The time is out of joint

This is an update on my progress with my #willhack project. As I wrote in my previous post:

 my aim is to build a WordPress plugin that starts from the basis of plays expressed as a series of WordPress posts, and adds, via widgets, links to other sources based on the text you are viewing – this will be hopefully a mixture of  at least the cast lists I’ve extracted, and searches of the Will’s World registry. Other stuff if I have time!

I’ve made some progress with this, and there is now code for a WordPress plugin up on GitHub although it’s still a work in progress.

I decided to use WordPress as in the past I’ve found this a shortcut for getting a hack up on the web in a usable form quickly, and the widespread use of WordPress means that by packaging the hack as a WordPress plugin I can make it accessible to a wide audience easily. I did consider using Moodle as an alternative to WordPress to target an audience in education more directly, but thought I’d probably find WordPress quicker.

I was able to write a plugin which loaded the text of the first Act of “Much Ado about Nothing” using the XML version of the text provided by the Will’s World service at Each ‘paragraph’ in the play – which equate to either a stage direction, or a piece of dialogue by a character – is made into a WordPress post. The plugin also includes a WordPress Theme which is automatically applied, which subverts the usual ‘blog’ style used by WordPress to group all these posts by Act and Scene. The default view is the whole of the text available, but using built in WordPress functionality you can view a single Act, a single Scene or a single line of dialogue. Using the built in ‘commenting’ facility you can annotate or comment on any line of dialogue.

Each ‘post’ is also tagged with the name of the character speaking the line. This means it is possible to view all lines by a particular role, and also via a Tag cloud easily see who get’s the most lines.

So far, so good. Unfortunately at this point I hit a problem – which was when I tried to load an entire play (rather than just the first Act), I consistently got a http status 500 error. I’m pretty sure this is because either PHP or Apache is hitting a timeout limit when it tries to create so many posts in one go (each line of dialogue is a post so a play is hundreds of posts). I spent far too long trying to tweak the timeout limits to resolve this problem with no luck.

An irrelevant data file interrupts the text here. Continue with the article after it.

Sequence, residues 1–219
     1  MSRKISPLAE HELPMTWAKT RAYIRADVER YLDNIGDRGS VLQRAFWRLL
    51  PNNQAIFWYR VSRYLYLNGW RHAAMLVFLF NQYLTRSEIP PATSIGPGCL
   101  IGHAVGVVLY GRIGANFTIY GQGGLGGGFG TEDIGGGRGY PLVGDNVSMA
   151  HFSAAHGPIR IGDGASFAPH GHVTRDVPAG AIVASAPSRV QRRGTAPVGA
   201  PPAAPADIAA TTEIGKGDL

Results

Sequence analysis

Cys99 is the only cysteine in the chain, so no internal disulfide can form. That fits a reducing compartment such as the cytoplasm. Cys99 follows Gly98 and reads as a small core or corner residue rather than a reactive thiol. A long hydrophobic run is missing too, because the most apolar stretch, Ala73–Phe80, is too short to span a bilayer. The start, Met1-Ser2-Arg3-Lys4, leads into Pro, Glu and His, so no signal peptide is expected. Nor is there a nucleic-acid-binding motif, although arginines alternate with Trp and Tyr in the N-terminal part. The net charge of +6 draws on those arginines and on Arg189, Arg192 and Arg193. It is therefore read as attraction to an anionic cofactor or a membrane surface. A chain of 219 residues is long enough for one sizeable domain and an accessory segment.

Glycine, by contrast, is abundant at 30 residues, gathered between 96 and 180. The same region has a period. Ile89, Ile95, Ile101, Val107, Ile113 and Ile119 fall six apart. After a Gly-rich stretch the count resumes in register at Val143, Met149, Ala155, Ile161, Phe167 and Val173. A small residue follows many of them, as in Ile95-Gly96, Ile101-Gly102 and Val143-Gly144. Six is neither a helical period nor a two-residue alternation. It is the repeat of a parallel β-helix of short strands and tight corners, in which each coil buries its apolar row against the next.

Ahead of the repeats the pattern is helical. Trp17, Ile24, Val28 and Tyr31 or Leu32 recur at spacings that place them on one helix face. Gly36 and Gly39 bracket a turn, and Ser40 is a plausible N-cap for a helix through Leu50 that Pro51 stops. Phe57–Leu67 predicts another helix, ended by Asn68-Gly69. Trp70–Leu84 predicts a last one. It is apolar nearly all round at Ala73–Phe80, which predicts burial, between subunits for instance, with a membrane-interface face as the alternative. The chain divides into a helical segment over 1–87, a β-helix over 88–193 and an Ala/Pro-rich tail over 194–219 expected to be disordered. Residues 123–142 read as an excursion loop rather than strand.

The time I spent on the timeout issue I really should have been spending developing the planned widget to display contextual information from other sources such as cast lists, and the Will’s World Registry. I’d originally hoped I might be able to achieve something approaching “Every story has a beginning” – an example of a linked data + javascript ‘active’ document from Tim Sherrat (@wragge). I’ve now had to concede to myself that I’m not going to have time to do this (although I have put some rudimentary linked data markup into the play text for each speaking character, using markup) .

So, instead of a widget I’ve decided to create a page for each character in the play which uses at least data from the cast lists I’ve scraped and the Will’s World registry. As I’ve already got timeout issues when getting the play text into WordPress, I’m going to have to work out a way of adding the creation of these pages without hitting timeout issues again. I think I’ve got an approach which, although a bit clunky, should break both tasks (creation of the play text as posts, and creation of ‘character’ pages) into smaller chunks that the person installing the plugin can activate in turn – so I just need to make sure no single step takes too long to carry out. I’m sure there must be a better way of doing this but I haven’t found any decent examples so far – I suspect one approach would be to break down into steps as I’m proposing to do, but trigger each step in turn by some javascript rather than require the user to click a ‘next’ button, but I don’t want to spend any more time on this than is absolutely necessary at this stage.

If you want to try out the plugin as it currently stands you can get the code from from Shakespearepress on GitHub (N.B. don’t install on a WordPress blog you care about at the moment – it creates lots of posts, and changes the theme and it might break). Once the plugin is activated you need to go to plugin settings page to import the text of a play (at the moment it supports the first Act of Much Ado about Nothing or the first Act of King Lear).

If you want to see an example of a WordPress blog that has been Shakespeared then take a look at, which uses the first act of Much Ado about Nothing:


Hopefully before the submission deadline I can extend the Character pages and sort the installation process so you can load a whole play and create a page per (main?) character.

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